But part of me also feels a lot like this, I mean seriously, who's Steve Rogers? *headdesk*
(gif posted to my timeline on Facebook by a friend)
Being a PhD student is hard. It's like Great American Hero where he has all this STUFF but no idea how to use it because the instruction manual shrunk. Except for PhD students the manual isn't shrunk so much as password protected and hidden by some Skulls-like group.

The job market at times seems to be like the Swamp of Sadness. The place that slowly makes you more and more depressed until you simply cannot go on and DIE!

There are silver linings. 
There are some great people out there who are offering advice (or at least passing the whiskey bottle).  I have friends who are looking at my documents and offering long-distance advice.
There are also more senior scholars out there who blog about these issues, or offer Twitter support.
These two posts are wonderful for people actually on the market this year:
But despite all of the support, advice, or help, this is still a lonely business. Sharing can be seen as personal weakness. You're often told you're not good enough, your work is crap, etc. And I think part of the weaning process is whether or not you do quit or whether you put up with this, shake it off, and go back to being your own personal cheerleader.
I for one will go back to thinking I'm a rock star. Because Stiles thinks so, and Stiles is never wrong.
Next week, the teaching philosophy and teaching portfolio.

2 comments:

  1. I'm suspect of any scholar who cannot condense an agenda into a page, not including the dissertation, which should be highlighted in the letter of application as a foundational project. Too much overlap in these materials looks, to me at least, like fluff. As someone from a discipline with a robust job market, I look at these from lit scholars as being "trying too hard" and ultimately "insecure and probably has a lot of issues I don't want my department to subscribe to."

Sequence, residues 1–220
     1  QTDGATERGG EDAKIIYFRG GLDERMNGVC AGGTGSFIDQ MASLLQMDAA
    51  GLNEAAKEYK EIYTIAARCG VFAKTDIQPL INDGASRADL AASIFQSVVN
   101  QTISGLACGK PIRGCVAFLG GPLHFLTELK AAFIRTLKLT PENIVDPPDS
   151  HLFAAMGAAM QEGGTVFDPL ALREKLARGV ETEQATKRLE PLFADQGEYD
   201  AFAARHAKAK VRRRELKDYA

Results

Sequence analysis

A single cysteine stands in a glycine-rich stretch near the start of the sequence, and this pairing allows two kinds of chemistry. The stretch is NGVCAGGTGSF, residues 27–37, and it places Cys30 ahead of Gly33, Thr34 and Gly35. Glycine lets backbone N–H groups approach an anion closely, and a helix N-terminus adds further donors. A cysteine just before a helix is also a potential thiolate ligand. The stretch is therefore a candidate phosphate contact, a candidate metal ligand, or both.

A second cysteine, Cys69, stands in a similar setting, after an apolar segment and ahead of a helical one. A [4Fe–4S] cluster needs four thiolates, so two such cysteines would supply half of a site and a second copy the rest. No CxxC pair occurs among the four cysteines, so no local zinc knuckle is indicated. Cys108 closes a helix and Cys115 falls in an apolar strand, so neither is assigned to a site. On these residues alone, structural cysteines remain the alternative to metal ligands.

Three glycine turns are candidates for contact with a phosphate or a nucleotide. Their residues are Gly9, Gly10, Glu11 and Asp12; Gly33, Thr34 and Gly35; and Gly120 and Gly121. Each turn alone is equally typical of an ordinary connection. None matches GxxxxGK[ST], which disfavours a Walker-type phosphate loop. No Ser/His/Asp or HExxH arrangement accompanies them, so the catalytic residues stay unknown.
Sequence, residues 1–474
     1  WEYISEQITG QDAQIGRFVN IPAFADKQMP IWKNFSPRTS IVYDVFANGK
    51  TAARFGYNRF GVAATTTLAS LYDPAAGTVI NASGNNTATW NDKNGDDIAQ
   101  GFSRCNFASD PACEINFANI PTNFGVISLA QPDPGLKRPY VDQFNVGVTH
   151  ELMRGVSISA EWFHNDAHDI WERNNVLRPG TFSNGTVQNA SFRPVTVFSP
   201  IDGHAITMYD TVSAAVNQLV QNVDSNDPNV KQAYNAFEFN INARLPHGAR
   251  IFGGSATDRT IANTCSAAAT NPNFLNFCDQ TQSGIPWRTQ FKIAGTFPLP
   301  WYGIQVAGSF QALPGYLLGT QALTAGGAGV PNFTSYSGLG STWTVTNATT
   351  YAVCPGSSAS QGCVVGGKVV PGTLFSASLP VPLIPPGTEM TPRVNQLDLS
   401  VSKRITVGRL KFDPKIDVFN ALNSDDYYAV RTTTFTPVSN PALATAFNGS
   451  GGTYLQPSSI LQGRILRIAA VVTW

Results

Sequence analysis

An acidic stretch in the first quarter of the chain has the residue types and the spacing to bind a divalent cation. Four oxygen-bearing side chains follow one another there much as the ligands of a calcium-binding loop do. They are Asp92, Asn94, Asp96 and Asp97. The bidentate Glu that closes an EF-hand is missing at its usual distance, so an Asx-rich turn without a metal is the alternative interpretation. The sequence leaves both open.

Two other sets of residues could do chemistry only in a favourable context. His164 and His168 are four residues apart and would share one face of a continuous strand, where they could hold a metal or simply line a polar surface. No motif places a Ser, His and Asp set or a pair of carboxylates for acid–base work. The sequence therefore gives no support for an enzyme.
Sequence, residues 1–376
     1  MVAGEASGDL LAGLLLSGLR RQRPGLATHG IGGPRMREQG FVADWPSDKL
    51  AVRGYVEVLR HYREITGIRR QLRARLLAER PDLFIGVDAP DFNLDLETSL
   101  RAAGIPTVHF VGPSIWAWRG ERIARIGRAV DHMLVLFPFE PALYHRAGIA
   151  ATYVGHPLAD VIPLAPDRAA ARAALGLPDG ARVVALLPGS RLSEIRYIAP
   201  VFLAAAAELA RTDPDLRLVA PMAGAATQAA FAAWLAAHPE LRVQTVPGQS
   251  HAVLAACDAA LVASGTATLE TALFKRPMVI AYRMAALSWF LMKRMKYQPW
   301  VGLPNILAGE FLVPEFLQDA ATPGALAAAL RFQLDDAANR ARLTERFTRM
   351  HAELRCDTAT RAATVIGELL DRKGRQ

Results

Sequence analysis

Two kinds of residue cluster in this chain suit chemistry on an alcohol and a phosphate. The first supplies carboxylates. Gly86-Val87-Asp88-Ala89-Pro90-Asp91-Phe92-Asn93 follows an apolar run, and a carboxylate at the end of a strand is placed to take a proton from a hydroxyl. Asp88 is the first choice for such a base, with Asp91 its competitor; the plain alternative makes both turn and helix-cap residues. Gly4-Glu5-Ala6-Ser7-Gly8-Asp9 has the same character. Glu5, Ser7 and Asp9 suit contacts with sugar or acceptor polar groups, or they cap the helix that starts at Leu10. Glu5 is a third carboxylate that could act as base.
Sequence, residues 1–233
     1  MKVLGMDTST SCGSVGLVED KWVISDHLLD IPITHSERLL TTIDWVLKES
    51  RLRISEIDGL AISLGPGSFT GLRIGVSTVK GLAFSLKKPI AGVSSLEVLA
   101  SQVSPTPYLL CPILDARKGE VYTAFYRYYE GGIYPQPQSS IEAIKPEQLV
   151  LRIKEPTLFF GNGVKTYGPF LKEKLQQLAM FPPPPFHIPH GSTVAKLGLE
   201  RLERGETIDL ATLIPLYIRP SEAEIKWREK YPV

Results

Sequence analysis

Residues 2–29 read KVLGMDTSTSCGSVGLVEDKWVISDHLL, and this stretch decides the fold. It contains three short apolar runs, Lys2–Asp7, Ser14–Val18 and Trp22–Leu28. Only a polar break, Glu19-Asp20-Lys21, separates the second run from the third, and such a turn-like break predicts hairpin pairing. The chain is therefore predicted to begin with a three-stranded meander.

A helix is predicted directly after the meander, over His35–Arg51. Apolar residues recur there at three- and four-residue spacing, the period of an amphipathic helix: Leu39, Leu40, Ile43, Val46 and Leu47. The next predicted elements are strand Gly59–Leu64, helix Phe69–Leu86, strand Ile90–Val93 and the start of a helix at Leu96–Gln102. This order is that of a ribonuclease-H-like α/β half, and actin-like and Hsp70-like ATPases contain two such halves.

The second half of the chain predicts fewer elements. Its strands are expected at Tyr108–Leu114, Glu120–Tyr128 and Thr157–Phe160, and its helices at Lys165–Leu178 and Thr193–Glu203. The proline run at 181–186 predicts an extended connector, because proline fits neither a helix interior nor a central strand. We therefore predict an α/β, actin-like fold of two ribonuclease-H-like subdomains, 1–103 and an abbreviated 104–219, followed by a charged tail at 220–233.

Mostly, it's a crap shoot of right people on committee, right people showing up to different parts of the interview, and good days for you ...

    Ultimately, the vast majority of folks who are part of hiring you don't know enough about your work to know if it's right; the question is more methodological (does this person do research that looks like the sort of research we value) ... ultimately, you'll apply research lenses to so many different things. Not going out as a Miltonist is a good thing, I think, because those sorts of narrow jobs are very rare and getting more so. Contextualizing your work with Milton either theoretically or historically (taking a period approach) might make more sense for some schools.

    Ultimately, though, you need at least 4 research statements, 4 teaching statements, 4 CVs, and 4 types of letters ... and those then get further specialized to go to each school.

    I'll read anything you want to send me and offer feedback from a non-specialist in your field, but someone who would likely also be a member of the search committee and the department you might want to work in. :-)

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  2. It's helpful to have the perspective of someone outside (field and school) as to what a hiring committee will look for.
    Thank you for the advice!
    And always, for the support!